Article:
- Pathogen genera are entered if the association of that genus with the host species is unique in EDWIP (e.g., because a record of Nosema pyrausta infecting Ostrinia nubilalis is already in EDWIP, an unidentified Nosema sp. infecting O. nubilalis would not be entered.)
- The host genus is entered if the association of that genus with the pathogen species is unique in EDWIP.
- A published comparison of described and undescribed pathogen species may lead to the entry of the genus in some cases.
Host Stage Infected
All major life stages (i.e., Egg, Numph, Larva, Pupa, Adult, or a combination of these) of the host reported to be infected by the pathogen are entered. We do not distinguish among larval and nymphal instars.
Host Tissues Infected
The tissue(s) infected are entered as a text string into a single field. In general, we enter little detail, but we do follow terminology used in the references supporting the association. We may specify tissues infected by life stage or sex of host (e.g., Adipose tissue of larvae; oenocytes, ovary of adult females.) An index of tissues is given on the Indexes page.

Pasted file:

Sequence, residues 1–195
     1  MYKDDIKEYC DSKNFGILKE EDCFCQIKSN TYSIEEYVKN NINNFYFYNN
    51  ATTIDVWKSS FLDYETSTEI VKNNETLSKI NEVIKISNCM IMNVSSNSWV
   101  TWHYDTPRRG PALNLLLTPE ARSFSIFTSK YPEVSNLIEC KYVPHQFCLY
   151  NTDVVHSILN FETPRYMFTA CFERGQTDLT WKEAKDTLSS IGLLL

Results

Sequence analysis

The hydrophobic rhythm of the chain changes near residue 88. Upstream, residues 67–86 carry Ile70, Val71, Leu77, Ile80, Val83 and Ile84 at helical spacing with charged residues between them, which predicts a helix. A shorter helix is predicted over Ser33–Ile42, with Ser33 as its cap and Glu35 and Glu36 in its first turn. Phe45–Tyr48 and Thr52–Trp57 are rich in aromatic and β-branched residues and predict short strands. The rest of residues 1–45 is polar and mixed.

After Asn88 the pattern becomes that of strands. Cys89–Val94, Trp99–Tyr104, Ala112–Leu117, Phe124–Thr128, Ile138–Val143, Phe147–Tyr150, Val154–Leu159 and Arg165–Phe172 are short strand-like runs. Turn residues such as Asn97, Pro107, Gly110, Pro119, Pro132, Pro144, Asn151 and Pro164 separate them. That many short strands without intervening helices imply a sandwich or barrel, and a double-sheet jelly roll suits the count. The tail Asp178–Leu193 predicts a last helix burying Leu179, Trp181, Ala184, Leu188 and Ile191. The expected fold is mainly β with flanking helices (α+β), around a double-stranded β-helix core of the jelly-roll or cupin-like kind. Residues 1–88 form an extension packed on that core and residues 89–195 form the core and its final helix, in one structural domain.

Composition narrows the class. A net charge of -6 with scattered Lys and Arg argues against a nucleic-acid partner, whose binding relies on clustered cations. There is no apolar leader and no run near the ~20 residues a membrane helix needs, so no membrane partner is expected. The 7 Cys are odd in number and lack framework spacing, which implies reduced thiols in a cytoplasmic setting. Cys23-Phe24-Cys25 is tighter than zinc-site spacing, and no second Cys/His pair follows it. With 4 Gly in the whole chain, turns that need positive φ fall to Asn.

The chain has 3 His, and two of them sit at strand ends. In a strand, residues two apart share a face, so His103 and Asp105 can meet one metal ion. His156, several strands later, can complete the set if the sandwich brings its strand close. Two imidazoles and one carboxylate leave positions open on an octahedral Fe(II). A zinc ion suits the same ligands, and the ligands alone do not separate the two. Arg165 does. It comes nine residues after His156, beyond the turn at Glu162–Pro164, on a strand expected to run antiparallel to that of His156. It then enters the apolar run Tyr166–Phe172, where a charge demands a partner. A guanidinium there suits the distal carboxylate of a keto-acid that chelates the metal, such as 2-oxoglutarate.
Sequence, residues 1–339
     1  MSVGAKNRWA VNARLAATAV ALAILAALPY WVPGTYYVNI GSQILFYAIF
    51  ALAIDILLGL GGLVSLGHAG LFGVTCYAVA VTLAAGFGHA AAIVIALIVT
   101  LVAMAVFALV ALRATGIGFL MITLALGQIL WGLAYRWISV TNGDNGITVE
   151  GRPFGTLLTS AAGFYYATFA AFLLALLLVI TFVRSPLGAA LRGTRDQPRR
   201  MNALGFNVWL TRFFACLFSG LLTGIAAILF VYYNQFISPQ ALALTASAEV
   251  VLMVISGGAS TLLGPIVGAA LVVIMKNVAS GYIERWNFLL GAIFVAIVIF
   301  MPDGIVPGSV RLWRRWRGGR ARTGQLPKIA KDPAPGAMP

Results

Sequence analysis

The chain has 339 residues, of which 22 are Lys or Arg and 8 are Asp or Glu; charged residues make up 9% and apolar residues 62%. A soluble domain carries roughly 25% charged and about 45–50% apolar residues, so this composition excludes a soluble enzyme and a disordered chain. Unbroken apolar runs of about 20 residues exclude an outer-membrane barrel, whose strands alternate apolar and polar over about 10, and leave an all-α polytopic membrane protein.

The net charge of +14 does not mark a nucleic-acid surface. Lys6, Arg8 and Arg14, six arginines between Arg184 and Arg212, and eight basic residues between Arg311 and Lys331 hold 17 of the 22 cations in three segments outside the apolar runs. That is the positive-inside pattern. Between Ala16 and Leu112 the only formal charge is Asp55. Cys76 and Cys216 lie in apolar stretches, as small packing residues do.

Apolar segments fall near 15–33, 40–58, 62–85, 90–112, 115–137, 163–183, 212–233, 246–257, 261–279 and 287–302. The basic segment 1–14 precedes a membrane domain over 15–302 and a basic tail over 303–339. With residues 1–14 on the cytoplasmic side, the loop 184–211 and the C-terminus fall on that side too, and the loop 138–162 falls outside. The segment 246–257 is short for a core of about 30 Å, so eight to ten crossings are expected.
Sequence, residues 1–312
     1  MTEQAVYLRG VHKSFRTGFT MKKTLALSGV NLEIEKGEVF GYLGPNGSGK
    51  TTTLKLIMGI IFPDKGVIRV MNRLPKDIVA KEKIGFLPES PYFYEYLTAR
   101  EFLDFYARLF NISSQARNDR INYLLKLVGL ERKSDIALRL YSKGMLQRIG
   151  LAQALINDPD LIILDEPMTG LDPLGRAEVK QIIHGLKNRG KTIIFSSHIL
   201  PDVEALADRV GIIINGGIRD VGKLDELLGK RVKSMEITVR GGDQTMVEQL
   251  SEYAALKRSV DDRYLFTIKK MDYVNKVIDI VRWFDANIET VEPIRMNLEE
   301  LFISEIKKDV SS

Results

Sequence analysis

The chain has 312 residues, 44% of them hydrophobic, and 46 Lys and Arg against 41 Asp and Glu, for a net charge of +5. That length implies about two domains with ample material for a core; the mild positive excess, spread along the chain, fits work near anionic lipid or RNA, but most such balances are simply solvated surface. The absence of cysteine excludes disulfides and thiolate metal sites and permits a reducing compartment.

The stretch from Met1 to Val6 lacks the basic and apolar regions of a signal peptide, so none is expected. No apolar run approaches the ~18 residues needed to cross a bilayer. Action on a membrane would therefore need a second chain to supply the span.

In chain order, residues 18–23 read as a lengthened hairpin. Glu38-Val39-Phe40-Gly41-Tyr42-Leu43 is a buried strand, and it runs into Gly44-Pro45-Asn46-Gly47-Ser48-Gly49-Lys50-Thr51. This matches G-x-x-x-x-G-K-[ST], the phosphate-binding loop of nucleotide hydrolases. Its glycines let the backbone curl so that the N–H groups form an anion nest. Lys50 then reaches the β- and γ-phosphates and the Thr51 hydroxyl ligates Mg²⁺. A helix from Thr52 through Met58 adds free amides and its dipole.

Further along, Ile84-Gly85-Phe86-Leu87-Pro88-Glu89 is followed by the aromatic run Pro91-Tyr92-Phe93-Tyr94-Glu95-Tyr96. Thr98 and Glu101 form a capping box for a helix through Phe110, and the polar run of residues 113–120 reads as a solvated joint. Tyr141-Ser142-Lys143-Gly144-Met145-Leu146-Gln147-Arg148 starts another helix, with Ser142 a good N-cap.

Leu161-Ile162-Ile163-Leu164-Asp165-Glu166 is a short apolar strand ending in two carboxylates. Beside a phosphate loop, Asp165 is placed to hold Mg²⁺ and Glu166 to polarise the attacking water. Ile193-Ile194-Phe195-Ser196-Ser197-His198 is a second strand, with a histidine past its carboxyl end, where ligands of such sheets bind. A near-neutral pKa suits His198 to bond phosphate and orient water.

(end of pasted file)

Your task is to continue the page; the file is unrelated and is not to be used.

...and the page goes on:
A host species that is required, in addition to the named primary host, to complete the pathogen life cycle is an intermediate host. For most pathogens, intermediate hosts either do not exist or are unknown, and the field is left blank. If the intermediate host is an insect or insect ally, a separate record will also list it as the primary host.
The location of the observed association is entered as "field" or "lab" or "information not available." If the association was observed in a specimen collected anywhere outside of a laboratory colony, "field" is entered. Greenhouse observations are considered field observations. If any report of the association qualifies as a "field" observation, "field" will be the only location reported in EDWIP. The distinction between lab and field associations is made to distinguish those associations that may be considered to occur naturally somewhere in the world from those that have been observed in the lab only. NOTE: The association may not occur naturally in all countries listed in the Country of Observation field.
Country of Observation
One or more countries of observation may be listed. USA (without periods) is used for United States of America. Island names may be appended to country names to distinguish them from mainland observations (e.g., USA-Hawaii). Country names are entered as reported in the citations supporting the associations, and are not updated to reflect current geopolitical conditions. A index of country names used in EDWIP is given on the Indexes page.